In our last blog post, we talked about our own personal experience with vaccinosis and why, even if your dog hasn't had an immediate reaction, you need to be aware of vaccine dangers.
Learning about vaccinosis led us to titers.
We were already familiar with titers for humans but had never heard of it for dogs, cats, or horses.
A titer is a laboratory test that measures the amount of antibodies (also called Immunoglobulins or Ig) in the blood. The amount of Ig indicates how successful that body may be in fighting off a particular disease.
Said another way... does a dog have enough immunity or Ig in their blood to stop the disease from entering or damaging the healthy cells in their body and make the dog sick with a specific disease?
Titers can also serve as a quick health indicator for the body's immune system. If for example the body isn't able to maintain Ig, there is likely something wrong with the immune system.
Anytime you want to test the blood for Ig, you have to test for the specific antibodies against those diseases. For dogs you'd most commonly test for Canine Distemper Virus (CDV), Canine Parvovirus (CPV), and rabies antibody levels.
If the test is positive (above a particular known value) the dog has immunity. If the test is negative (no immunity) or equivocal (not enough immunity) they need to be vaccinated unless they are eligible for a medical waiver.
Here are the tier results from one of our dogs that shows strong immunity to CDV, CPV, and rabies.
As you can see for CDV and CPV, the titer needed to be greater than or equal to 1:50 and our dog scored 1:250! The rabies titer needed to be greater than or equal to 0.5 and our dog scored 2.0! That's some strong fighting power!
After one of our dogs had a vaccine reaction and the other, whose immunity testing indicated she was prone to vaccinosis, we loaded up on titering education.
We showed up at our veterinarian's office ready for a stand-off. We were going to submit to the annual check-up but refuse vaccinations and "demand" titering.
Imagine our shock when, as we started to deliver our speech on titering we were told, "Oh, we do titering!" WHAT?! And we've never heard of it?
Clearly titerng was a secret test and was available only to the educated pet parents who knew to ask for it! When we asked why they had never talked to us about titering the answer was simple - most people refuse to pay the higher cost for the titering and opt for vaccination as it is less expensive.
We recommended all pet parents should be given ALL of the options and then let them decide. We are not lemming pet parents. We want all of the information so we could make our own informed decisions.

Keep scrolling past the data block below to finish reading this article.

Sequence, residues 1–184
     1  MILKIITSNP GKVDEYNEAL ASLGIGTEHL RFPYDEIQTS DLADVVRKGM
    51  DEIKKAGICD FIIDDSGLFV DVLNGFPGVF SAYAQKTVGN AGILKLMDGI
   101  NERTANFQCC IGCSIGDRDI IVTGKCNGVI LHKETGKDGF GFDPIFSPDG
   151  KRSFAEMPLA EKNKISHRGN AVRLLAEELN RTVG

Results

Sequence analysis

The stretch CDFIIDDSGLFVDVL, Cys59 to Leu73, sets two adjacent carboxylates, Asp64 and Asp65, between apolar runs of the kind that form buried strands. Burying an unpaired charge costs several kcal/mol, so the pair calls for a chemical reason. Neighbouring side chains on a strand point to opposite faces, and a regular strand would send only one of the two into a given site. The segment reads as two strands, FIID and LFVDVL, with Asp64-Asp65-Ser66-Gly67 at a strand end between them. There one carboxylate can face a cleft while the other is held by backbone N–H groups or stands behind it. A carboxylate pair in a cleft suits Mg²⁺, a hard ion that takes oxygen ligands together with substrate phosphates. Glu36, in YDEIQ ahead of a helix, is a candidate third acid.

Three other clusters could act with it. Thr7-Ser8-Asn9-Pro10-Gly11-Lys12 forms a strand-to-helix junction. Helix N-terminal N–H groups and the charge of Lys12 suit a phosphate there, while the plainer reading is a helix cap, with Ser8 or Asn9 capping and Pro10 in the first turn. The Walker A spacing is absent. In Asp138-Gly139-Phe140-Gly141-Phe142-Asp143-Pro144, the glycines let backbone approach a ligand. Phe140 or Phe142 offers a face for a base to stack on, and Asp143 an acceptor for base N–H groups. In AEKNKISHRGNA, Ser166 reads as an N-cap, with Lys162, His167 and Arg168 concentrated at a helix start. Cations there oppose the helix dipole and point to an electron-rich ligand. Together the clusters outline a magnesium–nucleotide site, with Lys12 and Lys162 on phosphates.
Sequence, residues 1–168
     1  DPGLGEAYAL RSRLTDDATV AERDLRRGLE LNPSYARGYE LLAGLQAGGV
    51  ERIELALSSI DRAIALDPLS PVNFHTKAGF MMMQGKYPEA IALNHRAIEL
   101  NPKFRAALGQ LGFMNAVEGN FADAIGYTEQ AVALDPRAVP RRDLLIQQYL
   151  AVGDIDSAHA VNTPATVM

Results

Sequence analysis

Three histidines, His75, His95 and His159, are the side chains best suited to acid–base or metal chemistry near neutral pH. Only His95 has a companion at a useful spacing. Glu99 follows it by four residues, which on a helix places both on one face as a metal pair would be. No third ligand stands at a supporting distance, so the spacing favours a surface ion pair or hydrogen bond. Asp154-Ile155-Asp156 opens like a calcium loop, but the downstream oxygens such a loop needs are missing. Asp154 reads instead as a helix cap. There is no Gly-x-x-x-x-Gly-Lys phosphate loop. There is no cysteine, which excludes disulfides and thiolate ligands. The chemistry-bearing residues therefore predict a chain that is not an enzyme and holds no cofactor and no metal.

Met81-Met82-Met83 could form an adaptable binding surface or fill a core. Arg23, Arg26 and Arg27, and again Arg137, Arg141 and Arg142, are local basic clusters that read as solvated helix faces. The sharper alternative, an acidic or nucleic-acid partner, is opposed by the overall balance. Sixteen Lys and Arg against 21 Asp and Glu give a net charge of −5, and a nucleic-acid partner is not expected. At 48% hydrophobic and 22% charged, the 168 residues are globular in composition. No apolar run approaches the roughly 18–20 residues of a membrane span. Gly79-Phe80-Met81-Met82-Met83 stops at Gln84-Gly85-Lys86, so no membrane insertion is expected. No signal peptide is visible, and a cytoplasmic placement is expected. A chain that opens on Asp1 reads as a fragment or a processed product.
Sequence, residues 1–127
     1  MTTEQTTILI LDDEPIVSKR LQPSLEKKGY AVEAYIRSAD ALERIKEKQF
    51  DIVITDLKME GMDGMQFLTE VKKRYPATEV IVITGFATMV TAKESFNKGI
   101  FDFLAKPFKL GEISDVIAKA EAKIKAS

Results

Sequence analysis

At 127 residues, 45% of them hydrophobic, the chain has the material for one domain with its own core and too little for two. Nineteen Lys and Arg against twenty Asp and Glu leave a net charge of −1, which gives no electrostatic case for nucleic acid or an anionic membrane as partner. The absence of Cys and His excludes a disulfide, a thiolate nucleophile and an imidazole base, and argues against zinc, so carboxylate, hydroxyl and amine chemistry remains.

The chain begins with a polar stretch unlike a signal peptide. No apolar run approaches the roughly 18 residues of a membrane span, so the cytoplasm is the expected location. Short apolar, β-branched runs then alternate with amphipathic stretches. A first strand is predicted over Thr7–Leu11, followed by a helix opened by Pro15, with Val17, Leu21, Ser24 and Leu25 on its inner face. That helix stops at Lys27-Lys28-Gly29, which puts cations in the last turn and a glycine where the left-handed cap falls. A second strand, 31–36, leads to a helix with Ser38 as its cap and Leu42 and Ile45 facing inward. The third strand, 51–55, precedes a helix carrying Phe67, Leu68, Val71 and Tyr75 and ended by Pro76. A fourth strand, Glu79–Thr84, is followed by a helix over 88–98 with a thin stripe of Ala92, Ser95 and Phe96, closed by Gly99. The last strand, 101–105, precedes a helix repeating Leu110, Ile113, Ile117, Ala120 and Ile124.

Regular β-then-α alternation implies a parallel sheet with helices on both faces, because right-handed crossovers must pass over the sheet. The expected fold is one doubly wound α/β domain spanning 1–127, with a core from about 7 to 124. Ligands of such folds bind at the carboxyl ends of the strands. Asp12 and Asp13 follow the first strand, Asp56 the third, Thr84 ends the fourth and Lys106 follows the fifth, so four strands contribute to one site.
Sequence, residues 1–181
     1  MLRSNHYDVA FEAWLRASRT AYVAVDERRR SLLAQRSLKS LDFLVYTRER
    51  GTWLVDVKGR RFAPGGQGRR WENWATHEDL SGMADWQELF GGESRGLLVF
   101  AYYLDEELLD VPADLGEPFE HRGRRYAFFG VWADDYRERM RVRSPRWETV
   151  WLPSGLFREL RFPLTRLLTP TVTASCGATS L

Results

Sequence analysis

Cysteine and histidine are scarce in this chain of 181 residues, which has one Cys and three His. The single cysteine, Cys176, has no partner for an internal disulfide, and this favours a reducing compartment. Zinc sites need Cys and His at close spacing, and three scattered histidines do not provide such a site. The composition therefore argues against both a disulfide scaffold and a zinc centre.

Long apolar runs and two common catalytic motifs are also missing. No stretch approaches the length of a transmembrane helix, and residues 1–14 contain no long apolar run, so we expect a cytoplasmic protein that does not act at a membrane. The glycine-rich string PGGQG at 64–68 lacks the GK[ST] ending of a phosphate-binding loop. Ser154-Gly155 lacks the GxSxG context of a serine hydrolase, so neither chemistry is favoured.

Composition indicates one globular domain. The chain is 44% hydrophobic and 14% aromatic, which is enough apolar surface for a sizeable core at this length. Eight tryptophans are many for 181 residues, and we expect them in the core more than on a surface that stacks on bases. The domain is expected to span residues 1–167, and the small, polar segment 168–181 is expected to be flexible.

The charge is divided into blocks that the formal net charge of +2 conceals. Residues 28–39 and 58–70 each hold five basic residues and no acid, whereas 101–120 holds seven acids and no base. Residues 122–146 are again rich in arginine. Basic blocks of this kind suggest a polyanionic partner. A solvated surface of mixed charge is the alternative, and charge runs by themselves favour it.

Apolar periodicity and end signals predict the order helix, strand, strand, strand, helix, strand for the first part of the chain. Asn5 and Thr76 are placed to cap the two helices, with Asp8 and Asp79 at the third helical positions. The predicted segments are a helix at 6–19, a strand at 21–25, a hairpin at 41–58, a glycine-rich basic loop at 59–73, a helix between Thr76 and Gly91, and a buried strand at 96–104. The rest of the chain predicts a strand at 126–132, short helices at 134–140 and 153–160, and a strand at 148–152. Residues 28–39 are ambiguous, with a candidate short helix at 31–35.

In our post on vaccinosis, we reviewed all of the possible side effects from vaccination.
We've re-listed some of these side effects here:
Dr. Ron Schultz, at the University of Wisconsin School of Veterinary Medicine, is the world's leading expert on companion animal vaccinations. Dr. Schultz has been instrumental in getting vaccine recommendations changed from annual injections to 3 years (although he advocated for a 7 year cycle).
Dr. Schultz also recommends dogs should not receive any vaccinations before they are six weeks of age as they get natural immunity through antibodies in their mother’s milk. Not only will the antibodies in the mother's milk protect puppies from disease, but Dr. Schultz has demonstrated that the mother's antibodies will interfere with the vaccinations.
Recommended vaccination schedule for core vaccines:
Dr. Schultz recommends starting core vaccinations at 8-10 weeks, giving a second dose 3 to 4 weeks later and then a final dose an additional 3 to 4 weeks later, making sure the dog is at 14 to 16 weeks of age.
The core vaccines are Canine Distemper Virus (CDV), Canine Parvovirus (CPV-2), Canine Adenovirus-1 (Infectious Canine Hepatitis [ICH])/Canine Adenovirus-2 and Rabies Virus (RV).
After these initial vaccinations, Dr. Schultz recommends doing a titer test at one year and revaccinating (depending on whether or not the dog passed their titer test) or re-titering no more frequently than every 3 years.
Non-core vaccinations such as Canine Infectious Respiratory Disease Complex (CIRDC) also known as kennel cough and Lyme disease should only be given to dogs that are at risk for contracting those diseases.
Bottom Line: Having your dog titer tested a minimum of every 3 years will safely help you determine if your dog has the antibodies to fight off disease before you re-vaccinate. Be sure to ask your veterinarian about titering before vaccination!
Vaccinosis is a set of adverse reactions or events occurring within minutes, days, months, or years after receiving a vaccination.
Vaccinosis isn't "holistic hype" or something you should ignore.
Learn what vaccinosis is now, before your dog has an adverse reaction to annual vaccines or before long term damage to your dog's immune system has occurred.
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